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Emerald Group Publishing Limited
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Researchers develop miniature sensor for detecting key ingredient of improvised explosives
Article Type: Mini features From: Sensor Review, Volume 29, Issue 2
Hydrogen peroxide (H2O2) can easily be combined with acetone to create acetone peroxide, an explosive, and another explosive material, hexamethylene-triperoxidediamine, is produced by combining hydrogen peroxide, hexamine and citric acid. Being readily available, hydrogen peroxide is widely used by terrorists to manufacture improvised explosives. The bombs that killed more than 50 people in London on July 7, 2005, used acetone peroxide and more than 1,500 pounds of a hydrogen peroxide-based mixture was discovered after an alleged bomb plot in Germany that resulted in the widely publicised arrest last September of three people. Techniques that can rapidly detect trace levels of hydrogen peroxide are therefore of interest to the security services, first responders and forensic teams.
Now, a team of chemists and physicists at the University of California, San Diego (UCDS), has developed a hydrogen peroxide sensor based on organometallic compounds termed metal phthalocyanines. When exposed to most oxidising agents, such as chlorine, these compounds show an increase in the electrical current that will flow through a film of the material, whilst reducing agents have the opposite effect – a decrease in the current. However, when exposed to hydrogen peroxide, an oxidant, the phthalocyanine films behave differently depending on the metal used. Chemiresistive films made of cobalt phthalocyanine (CoPc) show a decrease in current, while those based on copper or nickel (CuPc, NiPc) show an increase. The UCSD team exploited this unusual feature in miniature hydrogen peroxide sensors (Figure 1) which consist of 50 nm-thick films of both CoPc and CuPc, produced by organic molecular beam epitaxy on a single substrate. Whilst the individual sensor outputs are not specific to hydrogen peroxide, when they are considered jointly, they create a signature which is unique to this compound. The sensor is exceedingly sensitive and tests have shown that it can detect hydrogen peroxide vapour from peroxide-based explosives in the parts-per-billion concentration range.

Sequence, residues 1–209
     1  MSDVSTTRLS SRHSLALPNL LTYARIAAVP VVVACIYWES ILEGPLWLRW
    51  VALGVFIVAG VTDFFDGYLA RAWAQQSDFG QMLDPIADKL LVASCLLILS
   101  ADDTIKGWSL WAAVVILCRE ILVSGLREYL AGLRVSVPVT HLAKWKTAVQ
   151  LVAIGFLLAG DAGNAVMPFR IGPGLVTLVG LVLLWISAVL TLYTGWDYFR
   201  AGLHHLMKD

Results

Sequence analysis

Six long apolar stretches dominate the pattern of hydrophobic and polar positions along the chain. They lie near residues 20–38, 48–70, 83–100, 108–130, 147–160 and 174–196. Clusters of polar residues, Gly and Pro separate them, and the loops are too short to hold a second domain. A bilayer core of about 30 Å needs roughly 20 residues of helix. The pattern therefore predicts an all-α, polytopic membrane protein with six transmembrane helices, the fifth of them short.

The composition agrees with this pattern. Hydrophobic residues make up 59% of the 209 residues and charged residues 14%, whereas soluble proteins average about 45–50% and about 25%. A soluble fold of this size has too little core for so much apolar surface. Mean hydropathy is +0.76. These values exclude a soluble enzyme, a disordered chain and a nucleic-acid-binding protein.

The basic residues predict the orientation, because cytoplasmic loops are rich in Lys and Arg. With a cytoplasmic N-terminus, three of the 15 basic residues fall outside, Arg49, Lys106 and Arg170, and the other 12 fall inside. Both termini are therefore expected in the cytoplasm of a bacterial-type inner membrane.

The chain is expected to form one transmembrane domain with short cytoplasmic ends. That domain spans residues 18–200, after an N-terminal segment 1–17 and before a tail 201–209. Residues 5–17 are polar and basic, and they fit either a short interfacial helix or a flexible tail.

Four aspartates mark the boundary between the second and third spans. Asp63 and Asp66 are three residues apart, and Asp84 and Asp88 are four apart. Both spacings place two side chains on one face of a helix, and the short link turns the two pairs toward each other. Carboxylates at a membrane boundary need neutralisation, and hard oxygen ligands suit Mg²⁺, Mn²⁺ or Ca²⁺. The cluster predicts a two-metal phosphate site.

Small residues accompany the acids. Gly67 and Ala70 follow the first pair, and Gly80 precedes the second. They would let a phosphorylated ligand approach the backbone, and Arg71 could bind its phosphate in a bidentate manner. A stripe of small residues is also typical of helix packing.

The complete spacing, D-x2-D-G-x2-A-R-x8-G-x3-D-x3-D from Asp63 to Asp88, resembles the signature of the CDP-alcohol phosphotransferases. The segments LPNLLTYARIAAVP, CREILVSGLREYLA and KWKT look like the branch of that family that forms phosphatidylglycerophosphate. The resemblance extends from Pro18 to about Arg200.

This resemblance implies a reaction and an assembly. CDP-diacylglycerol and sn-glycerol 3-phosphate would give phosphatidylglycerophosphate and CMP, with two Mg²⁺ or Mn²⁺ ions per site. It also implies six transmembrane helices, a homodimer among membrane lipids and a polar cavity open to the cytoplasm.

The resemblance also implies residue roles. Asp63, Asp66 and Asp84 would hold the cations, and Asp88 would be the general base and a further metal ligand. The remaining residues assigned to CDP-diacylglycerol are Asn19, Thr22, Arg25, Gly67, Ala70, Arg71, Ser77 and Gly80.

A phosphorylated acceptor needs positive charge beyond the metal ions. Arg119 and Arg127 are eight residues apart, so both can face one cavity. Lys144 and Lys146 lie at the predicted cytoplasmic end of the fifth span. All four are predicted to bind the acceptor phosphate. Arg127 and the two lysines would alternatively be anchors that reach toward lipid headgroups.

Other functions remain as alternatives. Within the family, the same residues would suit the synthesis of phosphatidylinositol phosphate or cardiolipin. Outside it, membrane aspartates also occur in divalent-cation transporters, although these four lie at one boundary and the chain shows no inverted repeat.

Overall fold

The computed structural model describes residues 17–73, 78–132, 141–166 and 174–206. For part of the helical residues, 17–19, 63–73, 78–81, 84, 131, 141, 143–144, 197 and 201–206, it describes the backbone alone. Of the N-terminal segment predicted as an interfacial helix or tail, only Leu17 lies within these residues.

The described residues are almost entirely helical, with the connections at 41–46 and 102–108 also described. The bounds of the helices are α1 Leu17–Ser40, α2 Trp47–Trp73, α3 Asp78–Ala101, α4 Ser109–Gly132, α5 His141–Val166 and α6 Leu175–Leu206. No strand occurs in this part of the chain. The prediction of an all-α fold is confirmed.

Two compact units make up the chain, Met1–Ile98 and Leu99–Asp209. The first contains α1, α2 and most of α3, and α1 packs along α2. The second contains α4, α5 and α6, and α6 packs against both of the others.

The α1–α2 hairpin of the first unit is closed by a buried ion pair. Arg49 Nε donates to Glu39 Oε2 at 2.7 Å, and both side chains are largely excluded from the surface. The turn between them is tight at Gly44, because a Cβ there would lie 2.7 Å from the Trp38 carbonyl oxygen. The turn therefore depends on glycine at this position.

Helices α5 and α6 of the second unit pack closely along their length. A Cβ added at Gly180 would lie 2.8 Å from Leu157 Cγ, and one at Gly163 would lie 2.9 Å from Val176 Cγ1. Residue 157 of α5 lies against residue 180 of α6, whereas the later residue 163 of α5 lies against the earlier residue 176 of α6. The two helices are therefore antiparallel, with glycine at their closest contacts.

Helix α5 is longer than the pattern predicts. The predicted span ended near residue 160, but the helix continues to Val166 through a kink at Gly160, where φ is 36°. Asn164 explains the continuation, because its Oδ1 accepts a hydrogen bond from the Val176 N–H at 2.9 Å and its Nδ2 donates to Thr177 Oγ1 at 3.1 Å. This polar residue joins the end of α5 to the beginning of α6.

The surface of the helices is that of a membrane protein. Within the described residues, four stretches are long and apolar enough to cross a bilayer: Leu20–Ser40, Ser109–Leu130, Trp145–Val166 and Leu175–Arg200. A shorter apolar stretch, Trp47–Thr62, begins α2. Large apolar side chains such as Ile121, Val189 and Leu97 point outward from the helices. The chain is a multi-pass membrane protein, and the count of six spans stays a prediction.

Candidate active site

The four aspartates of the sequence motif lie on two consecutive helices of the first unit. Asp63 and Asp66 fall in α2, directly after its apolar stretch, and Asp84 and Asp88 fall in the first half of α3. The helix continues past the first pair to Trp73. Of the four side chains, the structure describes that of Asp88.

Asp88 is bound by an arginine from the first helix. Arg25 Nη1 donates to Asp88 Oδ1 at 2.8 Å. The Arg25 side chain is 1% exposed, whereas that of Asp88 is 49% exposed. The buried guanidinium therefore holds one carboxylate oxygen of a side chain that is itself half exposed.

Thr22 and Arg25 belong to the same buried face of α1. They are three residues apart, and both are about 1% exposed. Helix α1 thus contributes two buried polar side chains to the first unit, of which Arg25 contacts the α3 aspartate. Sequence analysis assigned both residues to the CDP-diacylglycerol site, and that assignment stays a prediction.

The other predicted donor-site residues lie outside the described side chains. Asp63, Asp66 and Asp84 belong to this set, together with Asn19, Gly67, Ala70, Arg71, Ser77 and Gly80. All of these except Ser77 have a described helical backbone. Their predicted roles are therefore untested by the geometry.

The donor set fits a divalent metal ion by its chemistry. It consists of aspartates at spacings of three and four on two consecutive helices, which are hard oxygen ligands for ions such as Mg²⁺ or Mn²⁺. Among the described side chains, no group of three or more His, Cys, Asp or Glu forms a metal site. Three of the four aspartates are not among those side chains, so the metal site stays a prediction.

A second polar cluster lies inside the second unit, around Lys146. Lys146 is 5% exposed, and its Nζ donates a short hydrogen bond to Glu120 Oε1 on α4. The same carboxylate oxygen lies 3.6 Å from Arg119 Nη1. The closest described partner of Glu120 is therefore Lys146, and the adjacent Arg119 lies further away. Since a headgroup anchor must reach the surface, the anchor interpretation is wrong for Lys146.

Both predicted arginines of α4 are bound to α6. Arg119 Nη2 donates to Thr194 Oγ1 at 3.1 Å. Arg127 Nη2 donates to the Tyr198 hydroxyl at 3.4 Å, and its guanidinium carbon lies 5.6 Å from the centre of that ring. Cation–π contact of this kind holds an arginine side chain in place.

In addition to detecting explosives, the UCSD team believe that the sensor could have industrial applications, for example inexpensively monitoring hydrogen peroxide vapours arising from bleached pulp to which workers may be exposed. According to William Trogler, a professor of chemistry and biochemistry at UCSD “The detection capability of this tiny electronic sensor is comparable to current instruments, which are large, bulky and cost thousands of dollars each. If this device were mass produced, it’s not inconceivable that it could be made for less than a dollar”. Funding for this research was provided by the Air Force Office of Scientific Research and the UCDS team has applied for patents. Full details can be found in Bohrer et al., 2008 (“Selective detection of vapour phase hydrogen peroxide with phthalocyanine chemiresistors”, Journal of the American Chemical Society, Vol. 130, pp. 3712-3).